What does the “spectrum” in ASD mean?

“If you’ve met one person with autism, you’ve met one person with autism” – Dr Stephen Shore (Flannery & Wisner-Carlson, 2020)

When the DSM-5 was introduced in 2013, a number of previously separate diagnostic labels were grouped under one umbrella as autism spectrum disorder (ASD):

  • Autistic disorder
  • Asperger’s syndrome or Asperger’s disorder
  • Childhood disintegrative disorder, and
  • Pervasive developmental disorder not otherwise specified (American Psychiatric Association, 2013; Lai & Baron-Cohen, 2015).

The spectrum concept acknowledges the breadth of individuals who now qualify for the diagnosis under the broadened diagnostic criteria (Lord et al., 2022).

The autism spectrum is often incorrectly conceptualised as a linear scale (Figure 1) with severely autistic clients – those that are considered ‘low-functioning’ – at one end, and those who are mildly autistic or ‘high-functioning’ at the other (Bradshaw et al., 2021). To some extent, this misunderstanding is perpetuated by the current diagnostic criteria specifying severity in terms of support needs (American Psychiatric Association, 2022; American Psychological Association, 2022):

  • Level 1: Requiring support
  • Level 2: Requiring substantial support
  • Level 3: Requiring very substantial support.

However, autistic individuals can have strengths in some areas and challenges requiring supports in others. Therefore, ASD is more accurately represented by a kaleidoscope or colour wheel comprised of language, sensory, executive function, perception and motor skills (Bradshaw et al., 2021; Lord et al., 2022). Each autistic person possesses a unique profile of strengths and needs which can change with age, contextual demands such as the fit between the person and their environment, interventions and level of support (Lai & Baron-Cohen, 2015; Lord et al., 2022).

Figure 1. An example of a correct (colour wheel) and incorrect (linear) conceptualization of the autism spectrum (adapted from Bradshaw et al., 2021)

The term heterogeneity is also used to describe the ways in which autism manifests differently between people who have the condition and also within individuals across the lifespan (Lord et al., 2022). This heterogeneity can make ASD harder to ‘spot’ by helping professionals who have not received specific training. Unsurprisingly, clients with more severe challenges tend to be identified and diagnosed earlier. Individuals without obvious developmental delay and those with more subtle difficulties tend to be diagnosed later (Mandell et al., 2005).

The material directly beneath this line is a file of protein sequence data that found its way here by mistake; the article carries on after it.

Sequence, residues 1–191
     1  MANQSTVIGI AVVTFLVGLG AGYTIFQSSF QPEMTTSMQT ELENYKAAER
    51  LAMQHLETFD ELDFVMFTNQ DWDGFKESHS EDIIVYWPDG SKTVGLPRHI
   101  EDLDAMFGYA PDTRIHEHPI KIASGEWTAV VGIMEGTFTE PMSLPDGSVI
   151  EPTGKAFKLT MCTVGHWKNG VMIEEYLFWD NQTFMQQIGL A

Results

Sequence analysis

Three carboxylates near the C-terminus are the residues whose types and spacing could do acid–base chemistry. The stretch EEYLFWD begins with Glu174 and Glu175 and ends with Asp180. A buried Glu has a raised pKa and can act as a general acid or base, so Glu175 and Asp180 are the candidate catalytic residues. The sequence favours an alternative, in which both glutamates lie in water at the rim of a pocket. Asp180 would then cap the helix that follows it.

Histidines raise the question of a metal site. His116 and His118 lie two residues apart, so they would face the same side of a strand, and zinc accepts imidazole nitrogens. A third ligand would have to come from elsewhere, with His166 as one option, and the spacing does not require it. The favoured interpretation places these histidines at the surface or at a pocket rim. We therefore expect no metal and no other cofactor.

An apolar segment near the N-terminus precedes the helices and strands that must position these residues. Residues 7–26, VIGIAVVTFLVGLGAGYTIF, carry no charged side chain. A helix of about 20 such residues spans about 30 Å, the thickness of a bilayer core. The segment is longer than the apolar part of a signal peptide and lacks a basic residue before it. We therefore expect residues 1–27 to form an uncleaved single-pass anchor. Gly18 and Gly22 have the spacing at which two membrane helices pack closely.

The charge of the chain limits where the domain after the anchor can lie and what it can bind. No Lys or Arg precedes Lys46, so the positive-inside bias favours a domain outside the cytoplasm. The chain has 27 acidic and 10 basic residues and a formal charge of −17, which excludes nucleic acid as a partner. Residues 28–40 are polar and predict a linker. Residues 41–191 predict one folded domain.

Who does autism affect?

Autism spectrum disorder (ASD) has a population prevalence of 1% across all ages (Lai & Baron-Cohen, 2015). Genetics play a key role in the aetiology, along with environmental factors during early development (Lai et al., 2014). Males are four times more likely than females to be diagnosed and are diagnosed earlier (ICD-11, 2023; Lai & Baron-Cohen, 2015). There is growing awareness that autism can present differently in women and girls, leading to the notion of a female phenotype that is underdiagnosed by current diagnostic criteria (Hull et al., 2020).

Recognising undiagnosed autism in your adult clients

The authors of the recent “Lancet Commission on the future of care and clinical research in autism” note:

“Some individuals with autism have average or above average intelligence and language abilities, are university-educated, in professional jobs, in a marriage or partnership, and have children. Others have a severe intellectual disability, little or no functional communication skills, few social relationships outside their immediate family, and require constant lifetime care” (Lord et al., 2022).

The following list provides examples of how you might identify a client from the “lost generation”. Keep in mind that each client with autism will have a different constellation of traits, behaviours and challenges, and also that these are fluid (present sometimes and absent at other times).

Your client may have undiagnosed autism if they:

  • Find it hard to initiate conversations.
  • Speak in monologues.
  • Have difficulty with back and forth conversation.
  • Have trouble sharing their thoughts and feelings.